The change in the definition of inpatient admitting status is crucial for hospitals to understand, says James S. Kennedy, MD, CCS, CDIP, managing director for FTI Consulting.
CMS made it clear that the inpatient order is required for payment of hospital inpatient services under Medicare A. "What I believe this rule says is that the physician must also state at the time he or she writes the inpatient order that he or she expects the patient to require care for two or more midnights and why he or she believes that," Kennedy says. "I personally know of no physician or admitting process that captures this information; changing this documentation process will be a tremendous paradigm shift."
The presumption is based on the expected length of stay and not on the actual time the patient spends as an inpatient. In some cases, such as death, faster than expected recovery, or transfer, a patient's stay may not cross two midnights. However, the presumption still applies because the physician expected the patient to be in the hospital over two midnights as long as the physician documented why he or she believed the stay would cross two midnights.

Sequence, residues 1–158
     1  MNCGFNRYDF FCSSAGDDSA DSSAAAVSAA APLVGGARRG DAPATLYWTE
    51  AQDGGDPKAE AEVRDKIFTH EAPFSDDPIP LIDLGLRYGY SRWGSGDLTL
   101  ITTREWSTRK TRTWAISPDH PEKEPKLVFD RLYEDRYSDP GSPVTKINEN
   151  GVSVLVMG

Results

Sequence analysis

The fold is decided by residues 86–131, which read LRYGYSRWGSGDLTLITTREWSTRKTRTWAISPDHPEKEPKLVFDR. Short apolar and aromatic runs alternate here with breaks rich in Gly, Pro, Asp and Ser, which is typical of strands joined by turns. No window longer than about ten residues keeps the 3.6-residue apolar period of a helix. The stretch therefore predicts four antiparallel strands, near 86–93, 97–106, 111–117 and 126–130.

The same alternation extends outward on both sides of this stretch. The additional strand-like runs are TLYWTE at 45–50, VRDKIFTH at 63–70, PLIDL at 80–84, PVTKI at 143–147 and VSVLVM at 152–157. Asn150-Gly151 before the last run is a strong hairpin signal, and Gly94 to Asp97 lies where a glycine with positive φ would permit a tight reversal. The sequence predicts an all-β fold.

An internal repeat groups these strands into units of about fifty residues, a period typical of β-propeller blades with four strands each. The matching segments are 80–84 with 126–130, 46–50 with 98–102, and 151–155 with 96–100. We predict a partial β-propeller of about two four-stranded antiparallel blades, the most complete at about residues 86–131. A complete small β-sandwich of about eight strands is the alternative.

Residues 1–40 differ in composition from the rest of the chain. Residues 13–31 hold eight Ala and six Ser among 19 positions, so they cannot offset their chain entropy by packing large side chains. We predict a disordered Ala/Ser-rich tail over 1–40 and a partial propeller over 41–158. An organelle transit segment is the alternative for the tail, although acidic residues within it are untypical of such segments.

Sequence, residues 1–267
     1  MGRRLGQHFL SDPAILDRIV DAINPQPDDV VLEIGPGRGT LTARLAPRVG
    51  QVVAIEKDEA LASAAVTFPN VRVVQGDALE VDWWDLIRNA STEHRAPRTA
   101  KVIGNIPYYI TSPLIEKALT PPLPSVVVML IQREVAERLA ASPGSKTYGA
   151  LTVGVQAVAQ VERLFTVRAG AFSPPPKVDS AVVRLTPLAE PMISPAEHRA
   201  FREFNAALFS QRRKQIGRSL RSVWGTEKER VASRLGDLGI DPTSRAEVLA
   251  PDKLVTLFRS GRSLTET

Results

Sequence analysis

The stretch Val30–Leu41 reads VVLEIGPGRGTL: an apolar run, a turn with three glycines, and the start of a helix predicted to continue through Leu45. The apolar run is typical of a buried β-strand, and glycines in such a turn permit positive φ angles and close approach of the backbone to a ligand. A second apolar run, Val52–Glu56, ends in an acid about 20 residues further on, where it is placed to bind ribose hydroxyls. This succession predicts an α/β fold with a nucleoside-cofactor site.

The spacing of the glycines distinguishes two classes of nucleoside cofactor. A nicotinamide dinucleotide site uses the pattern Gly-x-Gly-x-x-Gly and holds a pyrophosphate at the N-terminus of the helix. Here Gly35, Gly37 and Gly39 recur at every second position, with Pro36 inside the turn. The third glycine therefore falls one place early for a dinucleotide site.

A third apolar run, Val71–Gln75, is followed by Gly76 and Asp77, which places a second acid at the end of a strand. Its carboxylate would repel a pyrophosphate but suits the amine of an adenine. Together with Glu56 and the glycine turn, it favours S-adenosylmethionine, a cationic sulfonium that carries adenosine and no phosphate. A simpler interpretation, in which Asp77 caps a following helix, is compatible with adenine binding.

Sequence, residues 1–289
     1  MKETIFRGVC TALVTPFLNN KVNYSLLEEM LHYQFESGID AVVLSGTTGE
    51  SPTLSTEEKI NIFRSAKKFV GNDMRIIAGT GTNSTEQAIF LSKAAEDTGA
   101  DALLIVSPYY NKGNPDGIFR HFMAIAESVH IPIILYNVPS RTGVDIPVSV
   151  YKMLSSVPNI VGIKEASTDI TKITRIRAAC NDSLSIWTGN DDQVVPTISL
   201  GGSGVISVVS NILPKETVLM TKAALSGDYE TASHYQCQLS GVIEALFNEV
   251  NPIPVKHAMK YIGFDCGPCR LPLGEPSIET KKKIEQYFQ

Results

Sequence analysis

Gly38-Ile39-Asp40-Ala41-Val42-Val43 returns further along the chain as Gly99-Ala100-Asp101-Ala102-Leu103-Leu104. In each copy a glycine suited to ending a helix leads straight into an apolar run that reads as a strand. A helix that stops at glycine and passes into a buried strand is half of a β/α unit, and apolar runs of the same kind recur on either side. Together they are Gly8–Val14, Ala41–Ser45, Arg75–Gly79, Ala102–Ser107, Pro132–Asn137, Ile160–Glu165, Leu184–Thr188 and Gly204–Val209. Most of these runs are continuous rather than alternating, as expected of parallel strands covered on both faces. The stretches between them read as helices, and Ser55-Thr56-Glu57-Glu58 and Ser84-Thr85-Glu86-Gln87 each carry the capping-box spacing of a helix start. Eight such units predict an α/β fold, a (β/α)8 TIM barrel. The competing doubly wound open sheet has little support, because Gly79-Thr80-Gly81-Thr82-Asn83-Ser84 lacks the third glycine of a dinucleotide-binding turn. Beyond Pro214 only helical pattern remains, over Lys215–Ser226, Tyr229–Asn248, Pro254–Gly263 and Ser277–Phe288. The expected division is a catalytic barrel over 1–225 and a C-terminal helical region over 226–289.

CMS stressed that deciding whether to admit a patient is a complex medical decision that only the physician can make using his or her clinical judgment. CMS also expects the physician to use his or her clinical judgment to determine what services and level of nursing care (for example, low-level, monitored, or one-on-one) the beneficiary will need and where (unit) the services should be provided.
"All patients are unique in their presentation and in their resolution of their illness and even CMS states in the rule that they 'have expected and continue to expect that physicians will make the decision to keep a beneficiary in the hospital when clinically warranted and will order all appropriate treatments and care in the appropriate location based on the beneficiary's individual medical needs,' Mackaman says. "Unfortunately, it appears that the two-midnights rule paints all of the patients with the same brush and paints the physicians into a corner."